Source: (2003) In John Torpey, ed., Politics and the past: on repairing historical injustices. Lanham, MD: Rowman & Littlefield Publishers. Pp. 249-274.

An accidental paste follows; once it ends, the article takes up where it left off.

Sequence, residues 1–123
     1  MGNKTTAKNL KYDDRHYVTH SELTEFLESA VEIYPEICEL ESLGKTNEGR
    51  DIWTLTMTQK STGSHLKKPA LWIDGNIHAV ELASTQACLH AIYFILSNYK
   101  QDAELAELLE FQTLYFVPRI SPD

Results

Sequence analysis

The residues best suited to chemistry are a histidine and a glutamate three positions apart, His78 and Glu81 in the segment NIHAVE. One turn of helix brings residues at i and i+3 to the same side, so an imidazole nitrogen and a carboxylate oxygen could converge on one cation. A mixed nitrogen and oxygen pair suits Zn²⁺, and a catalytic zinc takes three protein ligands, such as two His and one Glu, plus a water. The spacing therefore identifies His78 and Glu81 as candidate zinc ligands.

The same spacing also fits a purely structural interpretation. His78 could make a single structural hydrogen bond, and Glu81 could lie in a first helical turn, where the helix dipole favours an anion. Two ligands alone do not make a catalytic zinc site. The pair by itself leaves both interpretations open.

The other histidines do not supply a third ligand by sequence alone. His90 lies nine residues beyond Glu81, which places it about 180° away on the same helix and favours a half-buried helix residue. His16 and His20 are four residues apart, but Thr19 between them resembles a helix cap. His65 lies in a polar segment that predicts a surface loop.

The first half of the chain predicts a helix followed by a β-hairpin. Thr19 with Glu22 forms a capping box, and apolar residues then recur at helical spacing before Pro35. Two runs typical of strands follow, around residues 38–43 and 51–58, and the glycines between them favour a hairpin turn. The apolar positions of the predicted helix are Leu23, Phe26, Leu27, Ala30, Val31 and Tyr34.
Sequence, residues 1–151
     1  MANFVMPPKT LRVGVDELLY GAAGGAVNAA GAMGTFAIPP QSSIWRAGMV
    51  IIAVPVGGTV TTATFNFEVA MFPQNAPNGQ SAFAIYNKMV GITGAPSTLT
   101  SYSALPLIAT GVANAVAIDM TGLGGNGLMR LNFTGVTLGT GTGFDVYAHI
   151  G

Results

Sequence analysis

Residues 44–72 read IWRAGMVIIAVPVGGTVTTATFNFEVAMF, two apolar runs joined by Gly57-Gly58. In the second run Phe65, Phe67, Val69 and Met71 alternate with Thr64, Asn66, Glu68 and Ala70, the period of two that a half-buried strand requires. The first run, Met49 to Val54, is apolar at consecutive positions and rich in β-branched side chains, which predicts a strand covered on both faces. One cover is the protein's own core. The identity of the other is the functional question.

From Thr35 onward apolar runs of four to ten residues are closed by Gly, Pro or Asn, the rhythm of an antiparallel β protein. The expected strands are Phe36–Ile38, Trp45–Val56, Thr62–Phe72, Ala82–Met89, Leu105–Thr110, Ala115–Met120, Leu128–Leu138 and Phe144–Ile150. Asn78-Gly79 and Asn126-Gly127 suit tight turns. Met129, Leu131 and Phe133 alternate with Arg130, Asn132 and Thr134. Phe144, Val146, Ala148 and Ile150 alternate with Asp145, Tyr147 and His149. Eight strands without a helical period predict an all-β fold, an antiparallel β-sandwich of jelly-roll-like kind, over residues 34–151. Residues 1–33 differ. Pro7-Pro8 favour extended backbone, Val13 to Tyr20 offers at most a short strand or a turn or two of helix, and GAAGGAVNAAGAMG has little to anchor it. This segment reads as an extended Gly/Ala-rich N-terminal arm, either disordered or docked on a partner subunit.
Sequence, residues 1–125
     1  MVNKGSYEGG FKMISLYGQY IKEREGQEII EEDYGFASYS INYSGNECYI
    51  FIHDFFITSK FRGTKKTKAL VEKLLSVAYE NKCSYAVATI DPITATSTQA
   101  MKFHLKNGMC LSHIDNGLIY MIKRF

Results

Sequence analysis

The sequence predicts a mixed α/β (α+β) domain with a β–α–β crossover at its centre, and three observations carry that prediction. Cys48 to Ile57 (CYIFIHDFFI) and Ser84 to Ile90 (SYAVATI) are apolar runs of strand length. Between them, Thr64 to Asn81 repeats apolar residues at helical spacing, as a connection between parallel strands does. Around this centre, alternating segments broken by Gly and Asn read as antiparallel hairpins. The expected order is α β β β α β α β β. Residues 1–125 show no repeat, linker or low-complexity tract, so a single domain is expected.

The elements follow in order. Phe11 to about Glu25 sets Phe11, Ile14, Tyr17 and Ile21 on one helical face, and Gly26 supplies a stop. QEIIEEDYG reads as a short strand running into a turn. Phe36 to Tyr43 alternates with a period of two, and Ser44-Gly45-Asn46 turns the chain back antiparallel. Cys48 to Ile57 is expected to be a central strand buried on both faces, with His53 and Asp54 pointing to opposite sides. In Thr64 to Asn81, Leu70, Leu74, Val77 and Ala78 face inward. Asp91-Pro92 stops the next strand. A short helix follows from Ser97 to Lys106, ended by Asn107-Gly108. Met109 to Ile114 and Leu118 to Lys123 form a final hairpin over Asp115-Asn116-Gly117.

When a country experiences a transition from an oppressive regime or period to a more democratic and peaceful situation, questions arise as to accountability for acts of injustice and violence committed during the previous period. A variety of responses have been tried in different situations, ranging from complete amnesty to criminal prosecution proceedings. Yet all too often, Stef Vandeginste asserts, such responses have focused chiefly on establishing responsibility and accountability with respect to the perpetrators. In Vandeginstexe2x80x99s view, this is the case in Rwanda as the country continues to deal with the genocidal acts of 1994. What about the position of victims in such proceedings? This question drives Vandeginstexe2x80x99s analysis in this chapter. That is, he seeks to examine the position of Rwandan victims from a specific angle xe2x80x93 namely, their right to reparation, and the legal and institutional framework that, at least theoretically, they have at their disposal to demand the enforcement of this right. To pursue this question, he looks at the notion of reparation in general, reparations in the Rwandan context, reparations at the level of the International Criminal Tribunal for Rwanda, reparations and the Rwandan justice system, funds for reparations in Rwanda, and reparations in the context of other countries.